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Chris Baugh


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From: The Socialist issue 1044, 29 May 2019: Now get the Tories out

Search site for keywords: PCS - Election - Mark Serwotka - Chris Baugh - Marion Lloyd

PCS conference: defeats for union officialdom and steps taken to rebuild a fighting left opposition

Chris Baugh addresses PCS conference 2019, photo Tessa Warrington

Chris Baugh addresses PCS conference 2019, photo Tessa Warrington   (Click to enlarge)

Marion Lloyd, PCS national executive committee (personal capacity)

For nearly 20 years PCS Left Unity has been the dominant political force in the civil servants' union and Socialist Party members have played a major role.

More recently, PCS general secretary Mark Serwotka has increasingly concentrated power in his hands with support in the union's full-time officialdom and from elements within Left Unity.

The tensions this process has created within Left Unity became apparent in the lead up to the PCS national conference which took place in Brighton 19-23 May.

Immediately preceding the conference, despite a huge effort, PCS unfortunately failed to achieve the 50% threshold for the second year running to win a statutory ballot for strike action on pay, with a 47.7% turnout. This followed sharp differences within Left Unity over the tactics that were required to win the ballot.

Again taking place just before the conference was the election for assistant general secretary. Socialist Party member Chris Baugh, the incumbent and official Left Unity candidate, was narrowly defeated by Independent Left candidate John Moloney. A situation brought about by Mark Serwotka and his supporters splitting the Left Unity vote by backing a non-Left Unity full-time national officer.

This election brought to the surface differences in Left Unity: over the top-down control exercised by the union officialdom against the assertion of control by the lay structures.

Immediately before the conference, Serwotka told departmental groups the new assistant general secretary should speak at their conferences. The groups refused to replace Chris Baugh as their speaker. This show of defiance led to a climb down by Serwotka, claiming his instructions had been misinterpreted. When asked to publish all relevant correspondence to the national executive committee Serwotka refused to do so.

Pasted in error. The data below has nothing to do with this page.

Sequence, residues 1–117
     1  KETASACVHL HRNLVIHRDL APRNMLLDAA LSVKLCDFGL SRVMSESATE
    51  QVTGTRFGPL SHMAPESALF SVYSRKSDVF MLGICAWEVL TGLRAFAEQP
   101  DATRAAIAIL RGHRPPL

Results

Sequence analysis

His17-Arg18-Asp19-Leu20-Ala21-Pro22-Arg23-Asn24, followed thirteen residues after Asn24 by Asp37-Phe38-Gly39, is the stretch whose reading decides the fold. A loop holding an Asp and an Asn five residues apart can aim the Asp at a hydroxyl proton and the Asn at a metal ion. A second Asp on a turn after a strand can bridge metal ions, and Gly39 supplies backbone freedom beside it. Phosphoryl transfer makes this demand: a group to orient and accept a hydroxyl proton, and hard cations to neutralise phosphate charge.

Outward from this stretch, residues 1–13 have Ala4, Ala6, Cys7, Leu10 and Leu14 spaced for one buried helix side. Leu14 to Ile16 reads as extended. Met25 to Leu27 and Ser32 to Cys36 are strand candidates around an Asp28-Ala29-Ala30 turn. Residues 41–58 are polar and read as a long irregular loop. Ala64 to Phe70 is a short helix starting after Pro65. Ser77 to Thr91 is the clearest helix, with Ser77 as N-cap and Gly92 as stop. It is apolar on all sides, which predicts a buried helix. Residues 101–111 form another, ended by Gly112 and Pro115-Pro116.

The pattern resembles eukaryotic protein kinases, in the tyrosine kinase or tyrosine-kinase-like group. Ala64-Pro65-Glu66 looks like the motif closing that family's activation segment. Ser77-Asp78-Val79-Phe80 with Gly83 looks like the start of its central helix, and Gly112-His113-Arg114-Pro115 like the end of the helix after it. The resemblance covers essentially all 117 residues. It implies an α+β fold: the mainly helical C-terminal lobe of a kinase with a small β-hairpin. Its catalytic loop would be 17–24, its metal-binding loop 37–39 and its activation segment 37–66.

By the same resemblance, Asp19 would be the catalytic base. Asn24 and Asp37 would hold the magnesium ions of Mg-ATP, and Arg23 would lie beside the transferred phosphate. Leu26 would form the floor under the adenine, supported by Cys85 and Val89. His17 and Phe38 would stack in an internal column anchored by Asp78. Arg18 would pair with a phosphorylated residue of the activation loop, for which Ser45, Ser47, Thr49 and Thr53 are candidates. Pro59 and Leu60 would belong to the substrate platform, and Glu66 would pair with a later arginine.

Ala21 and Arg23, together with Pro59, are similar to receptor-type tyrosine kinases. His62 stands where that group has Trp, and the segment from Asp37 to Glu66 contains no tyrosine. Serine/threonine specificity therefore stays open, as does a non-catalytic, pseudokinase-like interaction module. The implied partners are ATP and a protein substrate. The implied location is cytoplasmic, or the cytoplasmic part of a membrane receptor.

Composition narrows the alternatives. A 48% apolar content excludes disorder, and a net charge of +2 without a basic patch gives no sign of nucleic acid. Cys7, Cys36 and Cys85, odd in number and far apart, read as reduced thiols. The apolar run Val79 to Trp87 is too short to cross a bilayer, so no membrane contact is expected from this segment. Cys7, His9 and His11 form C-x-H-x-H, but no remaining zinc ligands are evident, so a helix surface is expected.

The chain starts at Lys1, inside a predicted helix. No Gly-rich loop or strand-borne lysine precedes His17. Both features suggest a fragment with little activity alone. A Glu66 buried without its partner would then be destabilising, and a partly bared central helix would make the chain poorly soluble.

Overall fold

Pay debate

Conference opened with a pay debate which noted the failure to secure the statutory threshold. The executive committee's motion endorsed the approach and tactics pursued in 2019 and committed to a further ballot on the same basis at an appropriate time later in the year. Opposing this was a motion by Chris4AGS supporters.

This argued for a comprehensive, open-ended analysis of the 2019 ballot and for wide consultation on the tactics for 2020.

Although the motion was carried on a card vote (For 62,676, Against 60,991 and 5,686 abstentions) the closeness of the vote reflected the divisions in the left - the leadership struggled to find supporters to speak from the floor.

In a further debate, conference overturned the leadership in carrying a censure motion. This was over the executive committee's handling of Mark Serwotka's signature to a letter in the Morning Star about the Gender Recognition Act. The letter was described by the Guardian as an attack on transgender activists and felt by many to be contrary to union policy.

A well-attended Socialist Party meeting heard from Chris Baugh and Socialist Party deputy general secretary Hannah Sell on: 'Where now for PCS as a fighting union?' The financial appeal raised 700. There was agreement around steps to be taken to reclaim Left Unity as a fighting, democratic, inclusive rank-and-file organisation.

Left Unity retreat

How far the Left Unity retreat from its founding principles has gone was brought home when delegates, on their way to the Left Unity rally, were handed leaflets by prominent Left Unity national committee members announcing Mark Serwotka's re-election campaign.

The Socialist Workers Party, who were first in the line of those handing out leaflets, had no answer to the question: "What democratic process did this go through?"

Serwotka, astonishingly given his backing for a non-Left Unity candidate in the assistant general secretary campaign, spoke at the rally and made clear that the pre-emptive announcement of his candidature was exactly that.

The Left Unity national committee members handing out the Serwotka leaflet are obviously expecting some sort of coronation but this will not be acceptable to most activists who will demand a democratic election process to determine who will be the Left Unity candidate.

The 2019 PCS conference will be seen as a defining conference where activists sought to challenge the control exercised by the union officialdom and its echoes in the lay structures.

The push back against these developments was evidenced in the standing ovations given to Chris Baugh at the conference, the near defeat of the platform on pay, the censure on the Gender Recognition Act and the angry reaction to Serwotka's contemptuous announcement of his candidature for re-election over the heads of the activists.

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The coronavirus crisis has laid bare the class character of society in numerous ways. It is making clear to many that it is the working class that keeps society running, not the CEOs of major corporations.

The results of austerity have been graphically demonstrated as public services strain to cope with the crisis.

The government has now ripped up its 'austerity' mantra and turned to policies that not long ago were denounced as socialist. But after the corona crisis, it will try to make the working class pay for it, by trying to claw back what has been given.

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